The Iowa Clinic will be CLOSED for Memorial Day except for Urgent Care which will be open from 8am - 12pm at our South Waukee, West Des Moines and Ankeny locations.

Skip to Main Content

All About Arthroscopy

A sports medicine physician details what it means to get your hip, ankle, wrist, shoulder or knee scoped.

Soccer Player

Follow any sport and you’ll surely find a number of athletes who’ve undergone arthroscopy, or arthroscopic surgery, as it’s commonly known. This procedure is commonplace outside of competition as well. Nearly two million arthroscopic procedures are performed each year on everyone from young athletes to older adults.

Christopher Kim, MD, an orthopaedic surgeon and Sports Medicine specialist at The Iowa Clinic helps contribute to that number every year.

“A lot of procedures are done arthroscopically now because we have very advanced and well-known techniques. Arthroscopy offers a lot of advantages over the open surgeries used in the past,” he says.

So what is arthroscopy?

If you have an injury to your knee, shoulder, hip, wrist or ankle that requires surgery, there's a chance it's going to be arthroscopic surgery. Most people understand that but might know little beyond the fact that it’s a minimally-invasive surgery.

Yes, there are small incisions — about the size of keyholes. But the “scope” part of arthroscopy is what makes the minimally-invasive surgery possible.

“We use a small camera, inserted through one of the small incisions, and can do the whole surgery through those keyholes,” Dr. Kim says.

The camera allows the orthopaedic surgeon to see the joint without having to create a large opening in your skin to do so. Saline water is used to inflate the joint to maintain that visibility.

“We actually inflate the joint with fluid to create enough space for us to work,” Dr. Kim says. “It also pressurizes the joint so it doesn’t get all bloody and red so we can’t see anything.”

What happens during the procedure depends on the joint and the corrective surgery being performed.

Dr. Christopher Kim

Uniquely Trained to Treat Sports Injuries
Trust Dr. Kim to treat your orthopaedic issues - with or without surgery.  

Make an Appointment 

When do you need arthroscopic surgery?

Arthroscopy originated as a diagnostic tool to identify issues or problem areas. These days, sports medicine physicians are adept in their assessments and understand what repair is needed when they go into the procedure.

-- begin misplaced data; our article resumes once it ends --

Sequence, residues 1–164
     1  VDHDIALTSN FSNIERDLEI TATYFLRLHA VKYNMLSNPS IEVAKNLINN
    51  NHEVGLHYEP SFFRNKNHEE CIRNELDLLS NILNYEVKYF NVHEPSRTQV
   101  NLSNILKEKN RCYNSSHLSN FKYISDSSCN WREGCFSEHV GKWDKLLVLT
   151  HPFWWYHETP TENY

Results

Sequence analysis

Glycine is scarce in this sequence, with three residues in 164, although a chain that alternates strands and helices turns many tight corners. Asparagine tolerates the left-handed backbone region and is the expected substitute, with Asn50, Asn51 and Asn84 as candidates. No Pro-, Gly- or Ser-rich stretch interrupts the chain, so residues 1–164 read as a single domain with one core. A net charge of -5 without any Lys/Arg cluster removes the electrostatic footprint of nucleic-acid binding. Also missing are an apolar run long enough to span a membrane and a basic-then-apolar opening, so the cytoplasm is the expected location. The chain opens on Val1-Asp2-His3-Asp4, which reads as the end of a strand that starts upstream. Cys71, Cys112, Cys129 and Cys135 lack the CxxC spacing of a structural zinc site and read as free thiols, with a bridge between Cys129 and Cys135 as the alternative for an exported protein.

Almost any joint can be viewed with an arthroscope, but the knee, shoulder, elbow, ankle, hip and wrist are the most common areas for surgery. You might need arthroscopic surgery for a variety of injuries to these joints, including:

“When you come in with pain or a problem, we take a full history and do a physical exam to figure out what it is,” Dr. Kim says. “A lot of our sports medicine procedures can be done arthroscopically. But it depends on what we find. Not every knee or shoulder injury needs surgery.”

What can you expect after arthroscopic surgery?

There are many reasons arthroscopy has surpassed other techniques to repair the joints. The biggest ones are the benefits to the patient.

“There’s a very large difference between a few small 1-centimeter incisions and a 10-centimeter incision to open everything up,” Dr. Kim says. “Sometimes, those big incisions require inpatient surgery. Smaller incisions allow us to do quicker surgeries that allow you to go home.”

The reason you can get in and out of surgery the same day is because arthroscopy takes less of a toll on your body. Which means you have less pain and a smoother recovery.

“Overall, the length of your recovery might be similar. But it’s easier with arthroscopic surgery,” Dr. Kim says. “The smaller holes heal faster and cause less pain. So you can get to physical therapy and get your rehab started earlier.”

There are fewer risks, too. Arthroscopy has lower risks of infection, bleeding and nerve injury, among other potential complications after a big surgery. The only thing you may have to worry about is drainage, Dr. Kim says.

“After arthroscopic surgery, we want the fluid to continue draining out. The majority is removed during arthroscopy, but it continues to drain and may really soak the dressings, or padding, we apply,” he says. “Sometimes people get freaked out about that and think they are bleeding. But it doesn’t happen very often. A lot of times, it’s just a matter of telling us and we’ll reinforce it with a new pad to let it continue to drain.”

Although complications are rare, it’s important to follow up with your orthopaedic surgeon if you do get freaked out by anything like blood or drainage. If you experience any of these issues, call your doctor — they might be a sign of infection, blood clots, nerve damage or some other serious issue:

  • Worsening pain
  • Numbness or tingling in the joint or elsewhere in the limb
  • Severe swelling at the spot of surgery
  • Discolored or foul-smelling fluid coming out of the wound

Less than one percent of people have these issues. Most get better, faster, with arthroscopy — giving them a head start in their road to recovery.

Back to top